WASHINGTON, DC (February 13, 2018) – The Thurgood Marshall College Fund is appreciative of the Trump Administration making our nation’s Historically Black Colleges and Universities (HBCU) a point of emphasis by preserving level funding in the President’s FY 2019 budget. By preserving level funding, our HBCU’s have fared much better than other higher education stakeholders and federal agencies, relative to the proposed 10.5% cut to the Department of Education’s overall budget.
Despite these positive developments, TMCF is concerned about those proposed cuts which could have a detrimental impact on our students’ ability to persist and graduate from HBCUs. The Federal Supplemental Educational Opportunity Grant program remains a critical component of financial support for HBCU students, over 90% of whom receive some form, if not multiple forms, of federal financial assistance to attend college. Similarly, we are concerned about the significant reductions in the Federal Work-Study program as this program remains another area of critical financial support for HBCU students.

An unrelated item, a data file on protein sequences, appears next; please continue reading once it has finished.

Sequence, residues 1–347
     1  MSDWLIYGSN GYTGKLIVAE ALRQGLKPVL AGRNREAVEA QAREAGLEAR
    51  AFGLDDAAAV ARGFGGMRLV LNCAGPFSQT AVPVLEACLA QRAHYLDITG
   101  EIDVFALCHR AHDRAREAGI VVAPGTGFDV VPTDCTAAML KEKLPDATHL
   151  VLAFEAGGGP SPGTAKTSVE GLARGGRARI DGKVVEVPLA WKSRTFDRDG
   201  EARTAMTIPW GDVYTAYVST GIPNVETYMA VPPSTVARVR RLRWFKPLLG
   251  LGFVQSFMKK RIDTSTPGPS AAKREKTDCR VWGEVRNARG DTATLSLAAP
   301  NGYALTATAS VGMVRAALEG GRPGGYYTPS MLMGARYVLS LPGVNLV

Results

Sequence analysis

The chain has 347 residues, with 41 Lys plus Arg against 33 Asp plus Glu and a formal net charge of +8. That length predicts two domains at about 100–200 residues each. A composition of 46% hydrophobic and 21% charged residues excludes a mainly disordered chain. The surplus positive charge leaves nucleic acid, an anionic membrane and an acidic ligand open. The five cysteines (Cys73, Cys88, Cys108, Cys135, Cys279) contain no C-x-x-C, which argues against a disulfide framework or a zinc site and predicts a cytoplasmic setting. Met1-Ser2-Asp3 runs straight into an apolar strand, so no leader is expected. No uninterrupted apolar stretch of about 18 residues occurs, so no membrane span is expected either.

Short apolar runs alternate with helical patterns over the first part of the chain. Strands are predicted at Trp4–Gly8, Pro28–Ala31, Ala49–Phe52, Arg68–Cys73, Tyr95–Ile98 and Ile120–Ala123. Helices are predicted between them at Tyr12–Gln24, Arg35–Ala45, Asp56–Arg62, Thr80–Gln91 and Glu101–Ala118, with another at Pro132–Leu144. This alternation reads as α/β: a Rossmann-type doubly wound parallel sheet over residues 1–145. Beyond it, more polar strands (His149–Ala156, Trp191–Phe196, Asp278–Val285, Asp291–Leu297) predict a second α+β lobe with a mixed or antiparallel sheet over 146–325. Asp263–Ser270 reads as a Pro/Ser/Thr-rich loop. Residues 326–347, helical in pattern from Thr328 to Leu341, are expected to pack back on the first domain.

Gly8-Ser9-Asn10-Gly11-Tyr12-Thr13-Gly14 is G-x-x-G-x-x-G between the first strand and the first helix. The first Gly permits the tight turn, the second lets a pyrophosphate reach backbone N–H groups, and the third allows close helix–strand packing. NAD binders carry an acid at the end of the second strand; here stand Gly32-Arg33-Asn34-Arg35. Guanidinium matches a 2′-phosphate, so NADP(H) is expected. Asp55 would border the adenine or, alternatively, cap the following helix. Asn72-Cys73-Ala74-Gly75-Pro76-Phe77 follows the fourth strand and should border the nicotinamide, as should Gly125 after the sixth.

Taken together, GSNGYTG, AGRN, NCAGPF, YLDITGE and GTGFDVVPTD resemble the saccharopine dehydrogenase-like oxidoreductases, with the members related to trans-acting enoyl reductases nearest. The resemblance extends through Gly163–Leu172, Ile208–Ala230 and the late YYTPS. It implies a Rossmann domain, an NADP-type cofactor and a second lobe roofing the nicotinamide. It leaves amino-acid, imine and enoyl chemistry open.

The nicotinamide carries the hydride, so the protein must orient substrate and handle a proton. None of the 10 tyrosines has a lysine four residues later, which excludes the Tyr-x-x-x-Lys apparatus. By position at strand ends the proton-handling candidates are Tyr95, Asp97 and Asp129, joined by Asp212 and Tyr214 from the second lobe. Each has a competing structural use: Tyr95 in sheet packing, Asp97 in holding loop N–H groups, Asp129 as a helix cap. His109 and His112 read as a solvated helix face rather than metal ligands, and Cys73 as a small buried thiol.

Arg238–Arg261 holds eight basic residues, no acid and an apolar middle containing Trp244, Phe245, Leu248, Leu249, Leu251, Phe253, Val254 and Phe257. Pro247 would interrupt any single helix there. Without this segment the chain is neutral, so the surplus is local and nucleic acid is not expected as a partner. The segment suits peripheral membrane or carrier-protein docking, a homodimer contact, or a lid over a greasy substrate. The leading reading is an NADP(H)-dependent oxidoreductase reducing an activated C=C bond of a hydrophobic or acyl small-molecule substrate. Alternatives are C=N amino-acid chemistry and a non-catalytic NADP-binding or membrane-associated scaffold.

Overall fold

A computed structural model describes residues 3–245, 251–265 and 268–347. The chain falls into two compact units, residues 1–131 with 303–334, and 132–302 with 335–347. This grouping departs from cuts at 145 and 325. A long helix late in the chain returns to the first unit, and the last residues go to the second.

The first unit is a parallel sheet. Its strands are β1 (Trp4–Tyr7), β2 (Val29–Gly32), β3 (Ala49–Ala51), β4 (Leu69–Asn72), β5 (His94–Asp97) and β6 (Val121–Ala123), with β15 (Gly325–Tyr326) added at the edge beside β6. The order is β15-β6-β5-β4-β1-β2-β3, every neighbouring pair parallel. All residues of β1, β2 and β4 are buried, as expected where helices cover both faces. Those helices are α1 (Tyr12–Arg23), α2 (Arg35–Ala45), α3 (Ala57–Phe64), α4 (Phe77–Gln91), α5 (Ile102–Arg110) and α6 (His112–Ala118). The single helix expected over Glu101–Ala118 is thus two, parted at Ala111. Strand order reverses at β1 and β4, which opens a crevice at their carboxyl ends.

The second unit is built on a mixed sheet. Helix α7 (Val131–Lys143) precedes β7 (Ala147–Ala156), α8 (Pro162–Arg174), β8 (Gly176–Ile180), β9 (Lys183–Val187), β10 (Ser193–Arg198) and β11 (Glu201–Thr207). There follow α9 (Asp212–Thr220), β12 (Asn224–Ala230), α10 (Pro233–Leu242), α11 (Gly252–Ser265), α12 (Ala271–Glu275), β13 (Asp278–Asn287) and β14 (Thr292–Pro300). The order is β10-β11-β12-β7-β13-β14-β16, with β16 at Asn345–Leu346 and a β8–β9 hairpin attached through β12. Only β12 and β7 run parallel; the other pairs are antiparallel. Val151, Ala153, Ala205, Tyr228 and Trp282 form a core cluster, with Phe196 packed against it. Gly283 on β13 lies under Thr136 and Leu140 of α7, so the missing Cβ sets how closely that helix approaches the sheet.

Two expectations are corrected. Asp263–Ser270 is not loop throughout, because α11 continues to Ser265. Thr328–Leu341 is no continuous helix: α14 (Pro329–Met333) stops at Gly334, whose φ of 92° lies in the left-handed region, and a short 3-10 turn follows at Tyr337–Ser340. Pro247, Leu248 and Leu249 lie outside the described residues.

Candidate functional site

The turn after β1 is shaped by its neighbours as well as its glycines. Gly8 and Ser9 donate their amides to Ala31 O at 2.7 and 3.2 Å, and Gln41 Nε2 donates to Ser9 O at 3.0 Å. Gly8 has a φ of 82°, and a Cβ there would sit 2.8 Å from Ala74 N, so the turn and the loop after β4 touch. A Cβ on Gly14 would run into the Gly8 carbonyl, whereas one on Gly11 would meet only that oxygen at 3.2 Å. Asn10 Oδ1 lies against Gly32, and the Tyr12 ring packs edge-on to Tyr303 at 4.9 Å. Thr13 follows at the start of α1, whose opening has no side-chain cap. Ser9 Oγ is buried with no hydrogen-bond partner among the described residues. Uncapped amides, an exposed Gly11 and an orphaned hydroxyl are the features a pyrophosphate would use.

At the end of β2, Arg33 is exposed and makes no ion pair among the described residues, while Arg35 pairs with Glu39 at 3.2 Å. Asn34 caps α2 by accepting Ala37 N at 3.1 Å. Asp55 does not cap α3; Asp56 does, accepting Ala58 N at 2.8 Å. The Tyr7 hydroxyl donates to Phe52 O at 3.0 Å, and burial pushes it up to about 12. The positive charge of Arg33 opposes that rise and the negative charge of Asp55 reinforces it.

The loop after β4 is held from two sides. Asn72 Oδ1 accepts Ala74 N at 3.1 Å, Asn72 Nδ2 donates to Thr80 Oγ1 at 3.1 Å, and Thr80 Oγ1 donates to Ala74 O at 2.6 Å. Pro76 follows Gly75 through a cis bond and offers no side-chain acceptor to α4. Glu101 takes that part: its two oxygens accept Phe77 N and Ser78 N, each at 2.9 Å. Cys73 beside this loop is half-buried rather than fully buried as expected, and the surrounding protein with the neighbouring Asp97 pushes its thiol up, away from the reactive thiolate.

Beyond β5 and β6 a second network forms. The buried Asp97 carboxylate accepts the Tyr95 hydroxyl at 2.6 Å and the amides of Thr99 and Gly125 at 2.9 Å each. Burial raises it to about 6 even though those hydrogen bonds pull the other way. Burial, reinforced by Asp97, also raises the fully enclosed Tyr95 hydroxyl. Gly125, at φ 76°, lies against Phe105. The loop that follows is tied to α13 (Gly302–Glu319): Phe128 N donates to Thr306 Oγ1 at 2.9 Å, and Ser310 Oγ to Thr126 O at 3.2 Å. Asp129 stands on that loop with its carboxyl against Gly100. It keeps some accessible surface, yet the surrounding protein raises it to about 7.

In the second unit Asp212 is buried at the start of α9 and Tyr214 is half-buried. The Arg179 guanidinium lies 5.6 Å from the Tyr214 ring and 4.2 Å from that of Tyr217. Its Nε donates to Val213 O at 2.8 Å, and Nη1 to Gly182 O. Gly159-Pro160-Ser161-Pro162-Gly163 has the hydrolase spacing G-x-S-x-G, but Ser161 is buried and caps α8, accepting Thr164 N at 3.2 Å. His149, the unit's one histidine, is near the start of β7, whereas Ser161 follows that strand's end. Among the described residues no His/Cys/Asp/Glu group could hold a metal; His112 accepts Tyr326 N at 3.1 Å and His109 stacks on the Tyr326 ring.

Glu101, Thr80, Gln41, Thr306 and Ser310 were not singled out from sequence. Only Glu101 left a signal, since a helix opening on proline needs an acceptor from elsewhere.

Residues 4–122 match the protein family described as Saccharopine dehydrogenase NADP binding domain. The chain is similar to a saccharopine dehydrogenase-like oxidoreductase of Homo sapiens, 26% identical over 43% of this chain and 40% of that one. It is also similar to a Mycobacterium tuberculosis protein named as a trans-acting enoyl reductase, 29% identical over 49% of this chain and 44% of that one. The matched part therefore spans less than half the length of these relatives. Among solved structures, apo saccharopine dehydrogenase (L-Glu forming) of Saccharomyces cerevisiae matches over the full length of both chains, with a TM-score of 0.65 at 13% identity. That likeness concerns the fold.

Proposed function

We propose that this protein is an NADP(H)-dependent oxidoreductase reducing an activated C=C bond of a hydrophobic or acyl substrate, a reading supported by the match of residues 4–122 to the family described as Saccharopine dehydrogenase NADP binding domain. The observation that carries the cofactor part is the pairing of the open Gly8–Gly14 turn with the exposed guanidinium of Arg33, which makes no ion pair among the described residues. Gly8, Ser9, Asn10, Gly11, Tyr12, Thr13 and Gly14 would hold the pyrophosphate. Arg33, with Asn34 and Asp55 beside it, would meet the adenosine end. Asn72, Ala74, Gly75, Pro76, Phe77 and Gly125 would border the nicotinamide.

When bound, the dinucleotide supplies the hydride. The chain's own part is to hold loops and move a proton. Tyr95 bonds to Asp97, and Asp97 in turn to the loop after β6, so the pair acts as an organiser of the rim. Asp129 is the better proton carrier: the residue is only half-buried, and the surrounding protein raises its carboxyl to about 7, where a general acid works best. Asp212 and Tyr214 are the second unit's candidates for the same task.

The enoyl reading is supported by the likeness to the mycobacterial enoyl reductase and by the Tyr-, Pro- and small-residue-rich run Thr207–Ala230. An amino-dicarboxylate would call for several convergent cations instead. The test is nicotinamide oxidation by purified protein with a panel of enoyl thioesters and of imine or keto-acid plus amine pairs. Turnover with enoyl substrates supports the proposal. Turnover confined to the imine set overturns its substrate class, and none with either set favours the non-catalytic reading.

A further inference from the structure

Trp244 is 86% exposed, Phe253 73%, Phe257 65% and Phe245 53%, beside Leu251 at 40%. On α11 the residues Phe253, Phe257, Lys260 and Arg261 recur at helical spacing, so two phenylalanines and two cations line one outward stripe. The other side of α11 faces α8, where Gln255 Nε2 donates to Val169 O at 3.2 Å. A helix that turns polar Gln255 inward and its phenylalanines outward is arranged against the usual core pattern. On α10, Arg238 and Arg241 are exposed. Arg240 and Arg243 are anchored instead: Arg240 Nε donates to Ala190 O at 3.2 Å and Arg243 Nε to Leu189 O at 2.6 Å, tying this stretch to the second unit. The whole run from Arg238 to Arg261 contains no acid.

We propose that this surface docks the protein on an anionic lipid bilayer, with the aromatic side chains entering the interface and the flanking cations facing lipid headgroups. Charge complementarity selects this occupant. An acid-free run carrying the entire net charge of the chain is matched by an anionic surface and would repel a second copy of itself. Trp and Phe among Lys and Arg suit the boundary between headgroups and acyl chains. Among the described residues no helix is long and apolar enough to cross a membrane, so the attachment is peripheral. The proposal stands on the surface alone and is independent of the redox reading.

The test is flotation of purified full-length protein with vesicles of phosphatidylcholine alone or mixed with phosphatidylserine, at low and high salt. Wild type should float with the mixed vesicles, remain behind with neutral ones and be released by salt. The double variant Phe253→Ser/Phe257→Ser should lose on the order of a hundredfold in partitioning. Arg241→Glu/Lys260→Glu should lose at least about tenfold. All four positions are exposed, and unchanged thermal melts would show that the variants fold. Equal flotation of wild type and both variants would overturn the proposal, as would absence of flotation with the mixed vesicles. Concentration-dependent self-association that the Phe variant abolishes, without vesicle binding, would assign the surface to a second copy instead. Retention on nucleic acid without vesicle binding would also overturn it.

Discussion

TMCF hopes that serious consideration will be given to restoring these important programs in the final version of the FY 2019 budget and we will actively work with the Members of the 115th Congress, the Bipartisan Congressional HBCU Caucus, and the Congressional Black Caucus to find ways to restore funding to the Federal Supplemental Educational Opportunity Grants Program and the Federal Work-Study Program.
As some HBCUs currently operate charter and private K-12 schools, we are hopeful that some portion of the $1.1 billion of newly allocated funding outlined by the President for school choice initiatives could be used to build and strengthen our K-12 pipeline, particularly with respect to our STEM-based initiatives.
Finally, we extend our appreciation to the Trump Administration and congressional leaders, particularly those in the Louisiana and Mississippi delegations, for their decision to include debt forgiveness in the recent budget agreement to four HBCU campuses which experienced significant damage from Hurricane Katrina, including TMCF member-school Southern University at New Orleans. The decision to relieve these institutions of this significant debt obligation will allow them to focus their efforts exclusively on their missions of educating students and serving their respective communities.
TMCF will continue to work with the White House Initiatives on HBCUs, the Department of Education, the Congressional Black Caucus and the Bipartisan and Bicameral Congressional HBCU Caucus to ensure HBCUs remain a priority across the board and in every budget.